Composting Kitchen Waste with Worms

Composting Kitchen Waste with Worms
If you are not composting then this is a great time to begin recyling food waste!
Compost is an organic matter that is recycled and decomposed as a soil amendment or fertilizer. It usually takes a few weeks or a couple of months for the materials to break down into fertilizer. Used in gardens, composting is a wonderful way to add nutrients to your vegetable, flower or herb garden. Composting is great for the environment and the health of your family.
Start composting in Kitchen and or Small Backyard with Worms
Worms can turn your kitchen scraps into great compost for your garden. It’s easy to make your own worm composting with simple items that you can buy from your local garden center or nursery.
Getting Started
To get started on your Kitchen and Small Backyard with Worms bin you will need to build your own worm bin. You can find them online, at your local home improvement store, or make your own out of a plastic tub. Making your own worm bin is quite simple and much more cost effective. All you need to do is:
  1. Buy a large plastic tub with a lid that is tightly fitted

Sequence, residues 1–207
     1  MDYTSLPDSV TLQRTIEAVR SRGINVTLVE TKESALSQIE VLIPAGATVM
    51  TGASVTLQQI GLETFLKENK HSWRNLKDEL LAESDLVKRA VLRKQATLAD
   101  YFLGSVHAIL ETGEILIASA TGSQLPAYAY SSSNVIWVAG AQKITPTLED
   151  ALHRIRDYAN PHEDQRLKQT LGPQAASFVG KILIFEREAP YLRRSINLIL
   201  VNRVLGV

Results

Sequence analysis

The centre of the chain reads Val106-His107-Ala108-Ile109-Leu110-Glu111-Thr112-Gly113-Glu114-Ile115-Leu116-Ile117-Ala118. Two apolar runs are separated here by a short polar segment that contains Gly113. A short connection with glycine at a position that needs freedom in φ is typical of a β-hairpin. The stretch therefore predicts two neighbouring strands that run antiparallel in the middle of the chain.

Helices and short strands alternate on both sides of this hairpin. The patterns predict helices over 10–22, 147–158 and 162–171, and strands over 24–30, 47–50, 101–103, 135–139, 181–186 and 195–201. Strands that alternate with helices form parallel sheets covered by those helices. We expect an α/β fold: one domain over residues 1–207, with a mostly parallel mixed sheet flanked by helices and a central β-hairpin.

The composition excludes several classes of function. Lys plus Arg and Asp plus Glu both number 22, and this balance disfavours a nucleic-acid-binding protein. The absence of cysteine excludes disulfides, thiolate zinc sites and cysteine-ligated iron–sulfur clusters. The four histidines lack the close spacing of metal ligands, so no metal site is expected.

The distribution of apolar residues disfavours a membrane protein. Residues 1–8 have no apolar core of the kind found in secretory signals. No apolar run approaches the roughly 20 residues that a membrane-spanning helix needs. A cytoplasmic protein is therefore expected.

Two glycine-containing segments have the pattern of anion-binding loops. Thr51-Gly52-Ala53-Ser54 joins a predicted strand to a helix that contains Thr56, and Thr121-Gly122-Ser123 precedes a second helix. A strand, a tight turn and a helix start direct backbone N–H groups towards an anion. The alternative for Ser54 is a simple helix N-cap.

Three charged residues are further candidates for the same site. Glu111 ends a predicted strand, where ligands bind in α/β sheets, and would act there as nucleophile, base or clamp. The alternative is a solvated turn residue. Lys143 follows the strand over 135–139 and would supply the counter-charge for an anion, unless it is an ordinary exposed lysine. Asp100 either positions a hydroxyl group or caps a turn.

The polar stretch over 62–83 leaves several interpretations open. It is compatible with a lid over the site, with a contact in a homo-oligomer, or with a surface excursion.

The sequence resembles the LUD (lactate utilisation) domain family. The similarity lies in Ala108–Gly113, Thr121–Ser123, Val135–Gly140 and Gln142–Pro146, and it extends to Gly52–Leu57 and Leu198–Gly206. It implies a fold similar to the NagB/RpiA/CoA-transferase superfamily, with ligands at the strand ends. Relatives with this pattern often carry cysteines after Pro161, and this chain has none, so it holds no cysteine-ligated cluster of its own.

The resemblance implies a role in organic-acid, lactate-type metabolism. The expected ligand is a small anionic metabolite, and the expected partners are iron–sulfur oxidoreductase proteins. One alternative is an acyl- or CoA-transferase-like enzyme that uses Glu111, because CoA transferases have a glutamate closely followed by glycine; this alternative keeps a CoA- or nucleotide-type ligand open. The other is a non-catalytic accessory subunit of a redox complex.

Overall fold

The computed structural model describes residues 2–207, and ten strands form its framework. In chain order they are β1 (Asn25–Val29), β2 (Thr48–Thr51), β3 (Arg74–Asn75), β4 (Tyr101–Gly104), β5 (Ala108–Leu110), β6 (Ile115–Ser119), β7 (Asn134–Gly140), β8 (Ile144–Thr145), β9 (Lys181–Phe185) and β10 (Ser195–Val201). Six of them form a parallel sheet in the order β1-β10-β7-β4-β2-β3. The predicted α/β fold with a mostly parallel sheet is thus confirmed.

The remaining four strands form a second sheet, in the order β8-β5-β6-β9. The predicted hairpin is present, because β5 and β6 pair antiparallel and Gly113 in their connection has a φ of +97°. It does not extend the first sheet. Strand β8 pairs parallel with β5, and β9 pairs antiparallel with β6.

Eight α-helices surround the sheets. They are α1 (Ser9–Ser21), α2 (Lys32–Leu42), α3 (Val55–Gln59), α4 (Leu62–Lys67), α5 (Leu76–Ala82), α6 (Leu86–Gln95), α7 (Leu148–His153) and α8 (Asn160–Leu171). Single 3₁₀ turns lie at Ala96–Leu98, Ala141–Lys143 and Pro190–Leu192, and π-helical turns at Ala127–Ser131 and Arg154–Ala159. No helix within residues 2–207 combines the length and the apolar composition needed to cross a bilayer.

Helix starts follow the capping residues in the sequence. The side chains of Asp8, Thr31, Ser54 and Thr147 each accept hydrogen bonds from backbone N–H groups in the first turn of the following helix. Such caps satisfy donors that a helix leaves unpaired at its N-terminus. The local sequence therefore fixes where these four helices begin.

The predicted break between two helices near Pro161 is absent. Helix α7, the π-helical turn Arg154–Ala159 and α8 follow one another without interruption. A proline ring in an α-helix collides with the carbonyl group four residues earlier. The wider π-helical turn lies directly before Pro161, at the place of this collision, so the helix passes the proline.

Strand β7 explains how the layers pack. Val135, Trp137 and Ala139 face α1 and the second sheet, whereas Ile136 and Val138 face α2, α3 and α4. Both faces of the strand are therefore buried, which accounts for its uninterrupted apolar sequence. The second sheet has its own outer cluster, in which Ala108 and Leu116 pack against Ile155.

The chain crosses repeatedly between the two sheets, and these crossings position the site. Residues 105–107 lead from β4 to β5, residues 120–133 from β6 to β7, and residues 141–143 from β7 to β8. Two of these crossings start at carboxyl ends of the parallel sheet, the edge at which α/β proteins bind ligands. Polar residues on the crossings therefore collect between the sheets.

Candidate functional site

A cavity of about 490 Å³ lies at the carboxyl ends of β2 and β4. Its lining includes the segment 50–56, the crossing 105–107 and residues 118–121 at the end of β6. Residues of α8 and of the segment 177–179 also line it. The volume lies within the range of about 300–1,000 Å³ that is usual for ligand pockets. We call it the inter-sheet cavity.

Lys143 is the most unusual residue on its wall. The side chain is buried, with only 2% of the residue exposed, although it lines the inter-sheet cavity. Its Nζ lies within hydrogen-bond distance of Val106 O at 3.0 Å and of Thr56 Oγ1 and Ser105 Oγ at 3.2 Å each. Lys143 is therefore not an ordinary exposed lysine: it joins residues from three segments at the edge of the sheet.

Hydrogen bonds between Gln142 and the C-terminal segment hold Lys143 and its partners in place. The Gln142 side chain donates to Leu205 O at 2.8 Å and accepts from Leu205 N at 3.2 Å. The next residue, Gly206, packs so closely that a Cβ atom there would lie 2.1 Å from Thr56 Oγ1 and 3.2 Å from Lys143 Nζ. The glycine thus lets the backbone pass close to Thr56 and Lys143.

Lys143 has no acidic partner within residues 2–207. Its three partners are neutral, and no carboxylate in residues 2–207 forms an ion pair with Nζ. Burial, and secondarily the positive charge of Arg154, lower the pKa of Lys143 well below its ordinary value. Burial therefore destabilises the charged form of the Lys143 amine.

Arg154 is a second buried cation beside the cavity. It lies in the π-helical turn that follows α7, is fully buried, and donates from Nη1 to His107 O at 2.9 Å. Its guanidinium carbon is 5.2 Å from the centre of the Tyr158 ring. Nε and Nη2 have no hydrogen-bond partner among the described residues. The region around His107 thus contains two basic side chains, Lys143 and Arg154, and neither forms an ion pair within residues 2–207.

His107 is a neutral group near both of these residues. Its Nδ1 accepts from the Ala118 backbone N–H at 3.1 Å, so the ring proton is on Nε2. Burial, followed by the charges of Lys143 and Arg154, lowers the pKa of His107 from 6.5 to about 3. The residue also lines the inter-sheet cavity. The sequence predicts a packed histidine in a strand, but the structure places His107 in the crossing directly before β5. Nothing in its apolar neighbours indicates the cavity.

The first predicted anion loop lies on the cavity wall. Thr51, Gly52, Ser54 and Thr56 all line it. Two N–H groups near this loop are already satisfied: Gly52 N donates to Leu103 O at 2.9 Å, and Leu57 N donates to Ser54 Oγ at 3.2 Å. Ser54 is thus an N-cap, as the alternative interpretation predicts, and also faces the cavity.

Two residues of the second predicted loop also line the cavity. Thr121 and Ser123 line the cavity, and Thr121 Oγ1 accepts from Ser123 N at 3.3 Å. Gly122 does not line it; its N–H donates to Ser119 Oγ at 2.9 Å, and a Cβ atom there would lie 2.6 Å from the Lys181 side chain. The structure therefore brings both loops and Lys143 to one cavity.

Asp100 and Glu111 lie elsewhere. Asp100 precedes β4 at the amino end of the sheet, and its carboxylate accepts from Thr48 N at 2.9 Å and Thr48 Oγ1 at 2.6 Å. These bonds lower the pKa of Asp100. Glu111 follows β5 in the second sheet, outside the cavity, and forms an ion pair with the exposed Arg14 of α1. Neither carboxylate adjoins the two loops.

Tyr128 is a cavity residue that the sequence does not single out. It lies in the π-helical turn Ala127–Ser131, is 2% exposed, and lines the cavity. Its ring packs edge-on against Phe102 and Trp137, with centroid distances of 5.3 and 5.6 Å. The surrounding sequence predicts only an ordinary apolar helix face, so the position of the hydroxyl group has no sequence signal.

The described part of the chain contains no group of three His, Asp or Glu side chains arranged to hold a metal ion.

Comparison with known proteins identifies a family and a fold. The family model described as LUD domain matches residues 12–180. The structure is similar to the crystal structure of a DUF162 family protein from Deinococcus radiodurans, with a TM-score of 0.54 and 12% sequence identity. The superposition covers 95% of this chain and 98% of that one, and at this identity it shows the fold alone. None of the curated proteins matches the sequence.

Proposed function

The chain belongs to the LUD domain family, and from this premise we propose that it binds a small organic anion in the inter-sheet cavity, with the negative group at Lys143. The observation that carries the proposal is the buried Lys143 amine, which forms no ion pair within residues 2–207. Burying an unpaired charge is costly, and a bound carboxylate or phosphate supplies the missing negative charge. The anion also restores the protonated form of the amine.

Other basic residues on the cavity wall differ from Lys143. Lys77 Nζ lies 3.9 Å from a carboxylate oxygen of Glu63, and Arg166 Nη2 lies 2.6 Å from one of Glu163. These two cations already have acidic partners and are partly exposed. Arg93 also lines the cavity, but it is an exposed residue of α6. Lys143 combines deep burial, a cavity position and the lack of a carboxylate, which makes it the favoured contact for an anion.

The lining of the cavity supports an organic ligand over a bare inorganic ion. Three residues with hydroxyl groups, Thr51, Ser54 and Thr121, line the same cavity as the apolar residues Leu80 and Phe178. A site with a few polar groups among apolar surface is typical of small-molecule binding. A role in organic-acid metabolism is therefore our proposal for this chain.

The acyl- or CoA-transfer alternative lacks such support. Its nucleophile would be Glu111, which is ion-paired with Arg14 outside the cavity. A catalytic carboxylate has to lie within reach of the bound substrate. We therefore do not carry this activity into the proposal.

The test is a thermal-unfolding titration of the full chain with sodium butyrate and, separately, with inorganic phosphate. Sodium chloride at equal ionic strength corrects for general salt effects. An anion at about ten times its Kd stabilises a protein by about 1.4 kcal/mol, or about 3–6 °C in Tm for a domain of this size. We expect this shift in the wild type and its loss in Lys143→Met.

2. Using a small drill or ice pick make air holes in the sides of your bin
  3. Drill or poke holes in the bottom of your plastic bin for drainage
  4. Add kitchen scraps, shredded newspaper, sawdust, or corrugated cardboard
  5. Moisten with water and fill the container to the top
  6. Add additional bedding if the container is too wet or cover with food waste
  7. Add Red Wriggler Worms as night crawlers and earthworms do not eat kitchen waste
Maintenance
Worms like to live in temperatures ranging between 59° and 77°. Keep indoors during hot summers and cold winters.
Add kitchen waste like fruit and vegetable remains, tea and coffee grounds and filters, cereals, grains and moldy bread. Cut your scraps into small pieces for faster composting and easier digestion. Do not feed your worms dairy products, fats, meat, pet waste or non-biodegradable materials.
Rotate the food distribution as it speeds up the process. Harvest your compost in 30 to 60 days and remove the finished castings as too many could be toxic to your worms. It’s also important to change the bedding when you harvest. You can do this by pushing the castings to one side and putting new bedding and food scraps on the empty side. This way your worms will move to the new bedding and food scraps. You can also pile the compost and place it in the sun. Your worms don’t like sunlight and will quickly move just under the surface allowing you to scrape off the top layer. Repeat until you have mostly worms that can be returned to your worm bed.
Are you ready to get started composting today?


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